Behind the scenes: how we built AdaLite, the first Cardano light wallet.

In late 2017, we bought a few coins and wanted to store them securely. The whole ecosystem was relatively immature, so we decided to implement a good wallet that'd be secure enough, and that'd suit our needs. It seemed pretty straightforward; you do some crypto-mojo of hashing and signing in Javascript and broadcast the resulting transaction. This is kind of a task which makes you ask yourself, "OK, and what will I do in the afternoon?" Obviously, we couldn't be more wrong.
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We recently published an article about how we built AdaLite — one of our most successful spin-off companies within the Vacuum Group, and the first light wallet for the Cardano blockchain. Today, I will take you on a technical behind-the-scenes, and show you how what was supposed to be a “quick side project” turned into some serious yak shaving. Enjoy! Ten years ago, we were young, foolish, and full of ideas about economic liberty. So when Bitcoin came, we immediately had a hunch: this thing can be damn serious.

The worst part about Bitcoin is probably the proof-of-work. The mining process is not only wasteful, but what’s worse, it doesn’t seem to buy the system enough security. Moreover, it’s hard to obtain instant finality with proof-of-work, and it’s not possible to fork out malicious block-producers. Siberian babushkas mining Bitcoin is one of the few profoundly positive things I see about proof-of-work.

So naturally, when proof-of-stake was invented, we were thrilled. However, first implementations such as Peercoin were a joke, full of design flaws, and easy prey for malicious actors. Then Cardano came and designed the system properly, faithful to its roots in academia, with the formal proof of its properties. Nowadays, many protocols have solid proof-of-stake consensus implemented, but back in 2017, this was huge.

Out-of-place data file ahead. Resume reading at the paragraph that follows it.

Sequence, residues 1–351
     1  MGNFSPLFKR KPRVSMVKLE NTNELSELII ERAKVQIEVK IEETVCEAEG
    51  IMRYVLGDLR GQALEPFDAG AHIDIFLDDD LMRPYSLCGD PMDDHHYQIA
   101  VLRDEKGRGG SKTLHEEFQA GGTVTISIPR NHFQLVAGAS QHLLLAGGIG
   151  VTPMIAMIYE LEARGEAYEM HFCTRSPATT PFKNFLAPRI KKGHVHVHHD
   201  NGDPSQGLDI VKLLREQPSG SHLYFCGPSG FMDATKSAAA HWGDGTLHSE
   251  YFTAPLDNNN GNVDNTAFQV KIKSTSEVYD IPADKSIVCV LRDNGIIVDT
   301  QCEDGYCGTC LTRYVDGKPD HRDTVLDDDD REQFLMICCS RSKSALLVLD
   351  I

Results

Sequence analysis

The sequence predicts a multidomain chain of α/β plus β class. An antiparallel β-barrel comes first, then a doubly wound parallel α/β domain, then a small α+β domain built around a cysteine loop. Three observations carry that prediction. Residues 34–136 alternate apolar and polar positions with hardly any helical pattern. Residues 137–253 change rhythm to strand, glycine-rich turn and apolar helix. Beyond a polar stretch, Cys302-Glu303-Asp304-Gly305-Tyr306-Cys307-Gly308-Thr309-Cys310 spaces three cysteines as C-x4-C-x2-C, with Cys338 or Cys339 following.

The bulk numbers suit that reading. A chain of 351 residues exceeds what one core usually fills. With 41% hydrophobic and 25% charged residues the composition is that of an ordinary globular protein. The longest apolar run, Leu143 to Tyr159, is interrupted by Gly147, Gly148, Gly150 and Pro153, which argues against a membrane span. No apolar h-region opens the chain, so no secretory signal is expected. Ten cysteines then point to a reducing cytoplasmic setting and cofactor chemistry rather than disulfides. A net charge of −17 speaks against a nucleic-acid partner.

In late 2017, we bought a few coins and wanted to store them securely. The whole ecosystem was relatively immature, so we decided to implement a good wallet that’d be secure enough, and that’d suit our needs. It seemed pretty straightforward; you do some crypto-mojo of hashing and signing in Javascript and broadcast the resulting transaction. This is kind of a task which makes you ask yourself, “OK, and what will I do in the afternoon?” Obviously, we couldn’t be more wrong.

“This will be easy”, we said… 

Cardano was just recently launched and – for most practical matters – basically in its alpha stage. There was barely any support for external developers or much technical documentation on any aspect of the blockchain. Worse yet: to most of the Cardano insiders, a group of very “interested” Slovak developers trying to build a beginner-friendly wallet solution set off all their scammer alarm bells. 

But as we would soon find out, that was not our biggest problem. Our biggest problem was that almost everything in the Cardano world is written in Haskell… 

Reverse-engineering the Haskell codebase

What can you do if you want to develop a product on top of a new, primarily undocumented blockchain protocol? You look up the source code and figure out what’s going on.